Thank you to everyone who came out to the ICA last night for the launch of my new book, Egress. It was a packed house and amazing to see so many people there. Not just for this book but for Mark. It speaks volumes, I think, that he is still packing rooms out, three years after the initial shock of his death.
It was also an absolute pleasure to be in conversation with Kodwo. We had a whole series of talking points prepared that we had pieced together over a two-hour Skype call last week and, after all that, we didn’t touch on any of it. I think we could have spoken amongst ourselves for hours and I think we intend to, in private, at a later date.
It was a really strange event, as far as I was concerned. There was an underlying anxiety, as I read the book’s afterword and Kodwo and I began talking about what exactly the book may be trying to do, that this was a very strange conjuncture. It felt like a conversation had directly off the back of the year that Kodwo and I first got to know each other and, for those arriving at this event with little knowledge other than “Mark Fisher is a writer who is no longer with us”, the specificities of our experiences may have been a bit morose and hard to penetrate.
But such was the moment. “Conjuncture” was Kodwo’s repeated word of choice, not just for the evening itself, but the very strange way that events have since fallen into place, thanks to the passage of time. Events become moments to measure intensity by — its ebbs and flows. Last night was no exception. It was surreal for me because it felt like the latest in a series rather than a singular moment of contextualising.
Because of all this, I’m not sure I have the capacity to try to summarise what was discussed. I was braindead immediately after leaving the stage and suddenly lost the capacity to string sentences together.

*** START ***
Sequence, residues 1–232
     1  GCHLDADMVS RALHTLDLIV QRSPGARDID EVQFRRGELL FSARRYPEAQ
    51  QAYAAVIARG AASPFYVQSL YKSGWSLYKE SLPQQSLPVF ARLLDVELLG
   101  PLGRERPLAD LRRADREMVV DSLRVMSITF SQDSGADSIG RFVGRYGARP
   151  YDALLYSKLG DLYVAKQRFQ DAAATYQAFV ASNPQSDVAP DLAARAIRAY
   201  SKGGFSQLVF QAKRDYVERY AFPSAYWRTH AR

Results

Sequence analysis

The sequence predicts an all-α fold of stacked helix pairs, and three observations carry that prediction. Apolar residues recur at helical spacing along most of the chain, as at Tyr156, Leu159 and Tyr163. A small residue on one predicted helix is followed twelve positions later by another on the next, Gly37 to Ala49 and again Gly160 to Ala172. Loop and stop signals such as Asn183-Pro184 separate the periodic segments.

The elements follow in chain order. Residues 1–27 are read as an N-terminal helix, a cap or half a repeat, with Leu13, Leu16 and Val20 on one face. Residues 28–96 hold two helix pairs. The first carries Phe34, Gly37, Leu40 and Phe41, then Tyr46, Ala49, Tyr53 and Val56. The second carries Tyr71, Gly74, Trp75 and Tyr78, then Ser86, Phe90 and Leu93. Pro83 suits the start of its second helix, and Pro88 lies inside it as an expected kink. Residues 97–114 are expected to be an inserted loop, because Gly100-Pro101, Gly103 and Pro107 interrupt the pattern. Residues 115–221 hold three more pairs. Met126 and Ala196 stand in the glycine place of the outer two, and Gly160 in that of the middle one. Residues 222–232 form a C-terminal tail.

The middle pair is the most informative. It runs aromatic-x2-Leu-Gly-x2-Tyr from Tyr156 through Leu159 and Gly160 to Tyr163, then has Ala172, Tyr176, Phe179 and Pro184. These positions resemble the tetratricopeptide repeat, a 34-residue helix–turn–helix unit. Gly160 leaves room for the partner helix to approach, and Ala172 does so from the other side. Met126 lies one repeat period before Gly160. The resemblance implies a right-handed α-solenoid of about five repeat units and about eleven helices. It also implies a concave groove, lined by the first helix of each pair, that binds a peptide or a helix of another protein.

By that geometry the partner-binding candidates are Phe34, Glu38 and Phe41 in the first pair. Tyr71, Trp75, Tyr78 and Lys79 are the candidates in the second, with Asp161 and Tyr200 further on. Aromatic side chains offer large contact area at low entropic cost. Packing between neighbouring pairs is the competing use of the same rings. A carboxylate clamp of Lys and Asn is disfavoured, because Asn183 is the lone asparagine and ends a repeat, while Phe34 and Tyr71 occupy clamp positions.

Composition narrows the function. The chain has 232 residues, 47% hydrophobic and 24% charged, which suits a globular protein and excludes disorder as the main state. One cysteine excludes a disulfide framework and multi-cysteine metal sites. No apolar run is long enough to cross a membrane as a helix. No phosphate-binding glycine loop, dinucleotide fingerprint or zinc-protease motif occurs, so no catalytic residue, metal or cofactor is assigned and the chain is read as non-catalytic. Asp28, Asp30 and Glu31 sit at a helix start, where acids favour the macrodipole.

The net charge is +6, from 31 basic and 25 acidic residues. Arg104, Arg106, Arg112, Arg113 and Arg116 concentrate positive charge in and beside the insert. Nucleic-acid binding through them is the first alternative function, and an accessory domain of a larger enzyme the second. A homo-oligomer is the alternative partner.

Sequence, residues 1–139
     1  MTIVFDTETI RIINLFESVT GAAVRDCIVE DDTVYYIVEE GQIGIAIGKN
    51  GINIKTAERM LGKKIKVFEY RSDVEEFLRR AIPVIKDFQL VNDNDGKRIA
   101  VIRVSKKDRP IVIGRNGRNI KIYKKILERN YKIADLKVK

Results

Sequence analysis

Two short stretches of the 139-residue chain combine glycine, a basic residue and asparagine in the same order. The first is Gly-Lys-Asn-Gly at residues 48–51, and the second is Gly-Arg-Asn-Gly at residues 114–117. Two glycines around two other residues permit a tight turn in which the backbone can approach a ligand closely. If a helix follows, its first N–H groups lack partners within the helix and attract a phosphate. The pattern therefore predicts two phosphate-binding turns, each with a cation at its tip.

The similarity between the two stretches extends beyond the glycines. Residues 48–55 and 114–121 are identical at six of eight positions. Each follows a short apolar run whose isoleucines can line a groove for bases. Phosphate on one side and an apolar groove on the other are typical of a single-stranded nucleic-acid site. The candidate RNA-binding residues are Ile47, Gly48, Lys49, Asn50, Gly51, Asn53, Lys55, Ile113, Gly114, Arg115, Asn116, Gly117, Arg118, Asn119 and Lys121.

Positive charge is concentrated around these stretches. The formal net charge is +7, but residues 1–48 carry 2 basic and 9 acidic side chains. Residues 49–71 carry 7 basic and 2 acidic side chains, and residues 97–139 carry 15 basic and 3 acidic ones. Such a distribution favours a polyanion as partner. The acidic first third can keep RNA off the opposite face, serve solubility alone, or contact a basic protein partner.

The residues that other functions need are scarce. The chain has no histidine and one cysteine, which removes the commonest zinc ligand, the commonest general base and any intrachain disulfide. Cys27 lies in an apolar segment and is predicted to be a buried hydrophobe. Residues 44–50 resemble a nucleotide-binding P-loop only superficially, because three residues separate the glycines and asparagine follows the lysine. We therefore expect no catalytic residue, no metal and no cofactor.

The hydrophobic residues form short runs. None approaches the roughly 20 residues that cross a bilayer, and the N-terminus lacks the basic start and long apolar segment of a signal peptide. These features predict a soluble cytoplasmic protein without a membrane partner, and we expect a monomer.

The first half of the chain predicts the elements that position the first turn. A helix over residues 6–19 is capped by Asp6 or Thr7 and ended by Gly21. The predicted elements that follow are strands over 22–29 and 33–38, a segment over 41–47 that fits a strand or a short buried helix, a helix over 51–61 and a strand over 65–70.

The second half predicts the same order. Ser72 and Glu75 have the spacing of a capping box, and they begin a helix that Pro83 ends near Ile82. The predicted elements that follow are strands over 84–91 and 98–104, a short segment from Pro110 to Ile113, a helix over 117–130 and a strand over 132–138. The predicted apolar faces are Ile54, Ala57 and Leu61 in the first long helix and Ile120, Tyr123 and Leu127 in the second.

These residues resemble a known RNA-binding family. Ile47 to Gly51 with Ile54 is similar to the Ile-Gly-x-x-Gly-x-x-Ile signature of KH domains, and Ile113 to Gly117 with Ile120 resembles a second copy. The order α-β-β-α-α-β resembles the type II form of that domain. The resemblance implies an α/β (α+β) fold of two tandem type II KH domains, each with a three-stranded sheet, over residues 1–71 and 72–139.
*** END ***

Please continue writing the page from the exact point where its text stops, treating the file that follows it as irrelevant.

However, the one thing that stuck out for me personally was Kodwo’s amazing summary of one of the book’s central tensions that I hadn’t considered before.
There was a moment where he discussed the ways in which so much philosophy is deployed within the book to unpack words that are otherwise shrouded in a quotidian banality. This is not to inject these words with pretentious amounts of significance but rather to uncover the surprising amounts of heavy-lifting they do in our day-to-day lives.
Kodwo listed a number of examples but the one that stuck out for me was “friendship”. In a later chapter, in which “friendship” is considered philosophically through the writings of Blanchot, Nietzsche, Deleuze and others, the drive behind the writing and researching this chapter was not so conscious. Like “community”, it felt like a particular word that had certain philosophical valences that were interesting to consider in the book’s context. It is an attempt to pop the hood on a concept like friendship — not simply in a philosophical sense but in a social and political one also.
I am obviously missing the particular potency of Kodwo’s articulation but it was the clearest summary of what the book is trying to grapple with that I’d yet heard. It opened a new dimension to it even for me.
The event was filmed, although I’m not sure that footage will ever see the light of day in its entirety. I may also have more to say on the event once the dust settles. For now, I just want to say thank you to everyone who came last night and who made it happen and who ended up in O’Neill’s with us in Chinatown at 1am.
As a bonus, below is a 30-minute mix that Kodwo and I put together — our entrance music. Something to get us in the mood more than anything. I certainly won’t forget the sight of Kodwo’s air-synth to Sylvian & Sakamoto.
A beautiful evening. ❤